6.  Some say that the atrocities seem aimed at the extermination of entire nations.  Others suggest they are aimed at the destruction of religion.  Other atrocities have the appearance of cruel vengeance against civilian populations.  All these atrocities demonstrate, on the part of those who commit them, a dangerous absence of any sense of humanity and even moral sense.

7.  There is an abundance of information related to this topic and, unfortunately, it is very true.  These are not propaganda inventions, against the country in question, but the German authorities themselves have announced these actions.

8. The Brazilian government believes that to avoid the continuation of similar atrocities that far exceed all that has been seen in previous wars, the respected authoritative voice of the Vicar of Christ should sound against them.  It is to this high authority, rightly regarded as the greatest moral and spiritual power in the world that all free people turn, anxious to see the perpetrators responsible for these crimes denounced.

9.  There is no suggestion, by this request, that the Holy See take sides in this World War, but only condemns the violence and intolerable atrocities committed with a blatant disregard for the principles of Christian and natural morality. 

10.  We do not ask that the Holy See break its neutrality between the warring nations.  What is requested is that the Supreme Pontiff, “the supreme guardian of morality and justice” makes a formal condemnation of crimes and injustices regardless of where he sees them.  Such a statement does not involve a breach of neutrality, not only because the Holy See, which is above human passions, is able to clearly distinguish between aggressors and their victims, but also because, as a Brazilian lawyer and statesman well said, there can be no neutrality between right and wrong.  The Vatican newspaper, L’Osservatore Romano has in fact made this point in the edition for 12 March 1941 saying it would be inadmissible “that the Pope, in the face of truth and falsehood, of justice and injustice, of love and hate, of good and bad, in the face of sleeplessness over the fate of humanity, had to choose, would not choose, does not want to choose”. (3)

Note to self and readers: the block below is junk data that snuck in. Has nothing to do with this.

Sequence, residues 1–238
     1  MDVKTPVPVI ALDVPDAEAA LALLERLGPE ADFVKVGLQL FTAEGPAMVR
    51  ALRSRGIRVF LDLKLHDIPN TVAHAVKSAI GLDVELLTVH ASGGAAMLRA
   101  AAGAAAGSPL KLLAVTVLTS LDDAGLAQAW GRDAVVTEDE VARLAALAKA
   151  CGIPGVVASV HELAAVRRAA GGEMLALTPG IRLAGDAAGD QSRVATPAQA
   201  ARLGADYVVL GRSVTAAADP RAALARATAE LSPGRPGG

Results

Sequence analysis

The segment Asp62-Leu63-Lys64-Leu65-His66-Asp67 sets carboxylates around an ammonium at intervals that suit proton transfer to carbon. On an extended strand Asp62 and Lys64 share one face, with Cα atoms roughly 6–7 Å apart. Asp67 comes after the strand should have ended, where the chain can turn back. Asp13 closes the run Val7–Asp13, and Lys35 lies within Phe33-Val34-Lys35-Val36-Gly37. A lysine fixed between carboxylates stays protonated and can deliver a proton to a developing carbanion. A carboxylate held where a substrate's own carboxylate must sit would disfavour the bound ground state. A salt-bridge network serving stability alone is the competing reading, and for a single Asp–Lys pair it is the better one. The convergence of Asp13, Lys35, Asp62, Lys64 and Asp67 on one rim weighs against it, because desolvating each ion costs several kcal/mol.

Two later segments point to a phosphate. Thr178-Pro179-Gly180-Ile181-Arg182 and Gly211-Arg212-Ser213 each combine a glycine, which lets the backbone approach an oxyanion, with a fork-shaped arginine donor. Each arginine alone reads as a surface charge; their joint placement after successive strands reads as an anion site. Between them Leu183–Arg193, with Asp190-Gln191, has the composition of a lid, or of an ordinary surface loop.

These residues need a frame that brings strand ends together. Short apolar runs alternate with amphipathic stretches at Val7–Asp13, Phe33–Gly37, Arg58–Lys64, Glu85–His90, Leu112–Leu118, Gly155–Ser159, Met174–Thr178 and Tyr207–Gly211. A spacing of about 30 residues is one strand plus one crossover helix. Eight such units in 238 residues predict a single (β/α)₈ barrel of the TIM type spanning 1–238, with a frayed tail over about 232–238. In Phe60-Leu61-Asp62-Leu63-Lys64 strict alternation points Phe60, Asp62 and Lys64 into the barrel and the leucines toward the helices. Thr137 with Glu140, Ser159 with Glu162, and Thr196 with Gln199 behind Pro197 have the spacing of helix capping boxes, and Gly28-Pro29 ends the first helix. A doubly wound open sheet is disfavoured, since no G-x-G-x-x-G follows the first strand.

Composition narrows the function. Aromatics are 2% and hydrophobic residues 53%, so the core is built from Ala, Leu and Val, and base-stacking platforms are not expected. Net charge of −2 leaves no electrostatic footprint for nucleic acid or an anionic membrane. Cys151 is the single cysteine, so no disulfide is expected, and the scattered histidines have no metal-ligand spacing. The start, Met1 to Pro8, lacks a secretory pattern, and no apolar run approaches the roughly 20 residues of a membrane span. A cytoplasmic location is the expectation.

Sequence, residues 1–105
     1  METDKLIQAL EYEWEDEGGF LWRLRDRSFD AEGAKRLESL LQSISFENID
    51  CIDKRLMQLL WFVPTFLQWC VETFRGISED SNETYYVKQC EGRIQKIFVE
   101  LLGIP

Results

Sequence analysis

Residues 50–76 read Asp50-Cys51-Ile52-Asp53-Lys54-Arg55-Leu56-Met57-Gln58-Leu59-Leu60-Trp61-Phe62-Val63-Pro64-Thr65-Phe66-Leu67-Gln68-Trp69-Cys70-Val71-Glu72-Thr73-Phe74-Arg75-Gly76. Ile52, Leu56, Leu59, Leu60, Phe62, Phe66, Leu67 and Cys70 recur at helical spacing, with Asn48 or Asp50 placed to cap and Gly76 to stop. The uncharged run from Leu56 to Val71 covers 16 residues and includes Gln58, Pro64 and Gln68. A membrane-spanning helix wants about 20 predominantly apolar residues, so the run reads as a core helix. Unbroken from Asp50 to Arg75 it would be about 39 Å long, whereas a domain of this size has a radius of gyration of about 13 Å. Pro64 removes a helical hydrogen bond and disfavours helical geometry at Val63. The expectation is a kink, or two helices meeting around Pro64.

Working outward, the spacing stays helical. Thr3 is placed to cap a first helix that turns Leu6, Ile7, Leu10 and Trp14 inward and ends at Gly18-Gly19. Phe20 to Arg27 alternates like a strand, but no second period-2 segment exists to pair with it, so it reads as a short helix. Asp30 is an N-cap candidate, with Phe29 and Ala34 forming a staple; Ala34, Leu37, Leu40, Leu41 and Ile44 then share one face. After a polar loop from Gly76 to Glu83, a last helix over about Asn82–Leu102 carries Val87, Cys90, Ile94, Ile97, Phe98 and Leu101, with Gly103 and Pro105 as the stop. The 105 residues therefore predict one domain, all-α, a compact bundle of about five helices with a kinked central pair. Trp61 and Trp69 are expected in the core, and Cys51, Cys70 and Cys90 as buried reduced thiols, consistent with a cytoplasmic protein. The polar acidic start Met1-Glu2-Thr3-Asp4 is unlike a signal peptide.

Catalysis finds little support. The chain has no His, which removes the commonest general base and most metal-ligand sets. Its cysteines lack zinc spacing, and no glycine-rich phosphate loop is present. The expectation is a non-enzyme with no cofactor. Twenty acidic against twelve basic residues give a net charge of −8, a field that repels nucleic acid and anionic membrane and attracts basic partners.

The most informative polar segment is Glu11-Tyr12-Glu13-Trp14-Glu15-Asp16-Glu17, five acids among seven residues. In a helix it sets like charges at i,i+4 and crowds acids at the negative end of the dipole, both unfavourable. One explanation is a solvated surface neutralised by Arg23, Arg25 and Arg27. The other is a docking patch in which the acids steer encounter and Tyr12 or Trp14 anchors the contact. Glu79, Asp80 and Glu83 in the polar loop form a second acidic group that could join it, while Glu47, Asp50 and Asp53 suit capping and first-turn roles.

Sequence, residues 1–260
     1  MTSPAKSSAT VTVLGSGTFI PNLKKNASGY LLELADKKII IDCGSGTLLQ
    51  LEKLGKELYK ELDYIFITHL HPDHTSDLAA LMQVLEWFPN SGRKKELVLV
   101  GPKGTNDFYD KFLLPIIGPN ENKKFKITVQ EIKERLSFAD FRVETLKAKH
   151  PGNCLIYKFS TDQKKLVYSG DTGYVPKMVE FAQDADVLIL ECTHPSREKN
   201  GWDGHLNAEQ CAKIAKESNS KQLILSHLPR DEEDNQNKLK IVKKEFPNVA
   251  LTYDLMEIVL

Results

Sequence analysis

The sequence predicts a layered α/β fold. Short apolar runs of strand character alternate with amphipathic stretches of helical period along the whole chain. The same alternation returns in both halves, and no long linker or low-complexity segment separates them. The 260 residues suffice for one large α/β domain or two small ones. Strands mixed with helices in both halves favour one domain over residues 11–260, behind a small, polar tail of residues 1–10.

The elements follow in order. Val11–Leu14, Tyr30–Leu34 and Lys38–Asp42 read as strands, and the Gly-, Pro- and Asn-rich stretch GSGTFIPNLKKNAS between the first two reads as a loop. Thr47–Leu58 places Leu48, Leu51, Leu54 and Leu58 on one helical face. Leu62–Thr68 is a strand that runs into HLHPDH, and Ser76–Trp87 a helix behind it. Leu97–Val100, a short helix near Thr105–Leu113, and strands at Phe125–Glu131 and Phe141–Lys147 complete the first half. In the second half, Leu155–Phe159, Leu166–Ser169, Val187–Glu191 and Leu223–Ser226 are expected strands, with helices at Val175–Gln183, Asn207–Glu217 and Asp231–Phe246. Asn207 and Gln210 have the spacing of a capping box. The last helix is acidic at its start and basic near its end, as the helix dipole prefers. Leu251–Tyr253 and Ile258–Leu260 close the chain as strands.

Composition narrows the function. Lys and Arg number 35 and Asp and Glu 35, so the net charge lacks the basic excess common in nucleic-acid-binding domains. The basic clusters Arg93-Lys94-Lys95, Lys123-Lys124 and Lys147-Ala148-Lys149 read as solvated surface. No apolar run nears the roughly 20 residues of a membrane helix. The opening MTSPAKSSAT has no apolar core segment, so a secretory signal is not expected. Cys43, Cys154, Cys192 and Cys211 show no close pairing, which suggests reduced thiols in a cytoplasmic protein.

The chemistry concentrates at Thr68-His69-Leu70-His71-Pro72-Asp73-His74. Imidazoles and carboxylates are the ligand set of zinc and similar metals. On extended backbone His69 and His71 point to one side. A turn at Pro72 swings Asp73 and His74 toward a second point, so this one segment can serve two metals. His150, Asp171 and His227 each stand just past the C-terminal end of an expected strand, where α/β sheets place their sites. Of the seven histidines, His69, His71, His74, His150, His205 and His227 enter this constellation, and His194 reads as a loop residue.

11.  Therefore, the Government of Brazil, the government of a deeply Catholic people, presents by this means, with the greatest respect, an appeal to His Holiness so that he deigns to carefully consider the suitability of an unequivocal public condemnation of German atrocities committed in the occupied countries or directed against innocent neutrals.

 

Cross references: 
(1) The National Eucharistic Congress was held in Sao Paulo in September 1942.
(2)  A possible reference to the murder of the villagers and destruction of Lidice on 10.06.1942.
(3)  L’Osservatore Romano 12.03.1941 (59).  An unsigned article possibly written by Giuseppe Dalle Torre that declared that although neutral, the Pope was not impartial.  The rest of the sentence was omitted: “The Pope is not neutral”.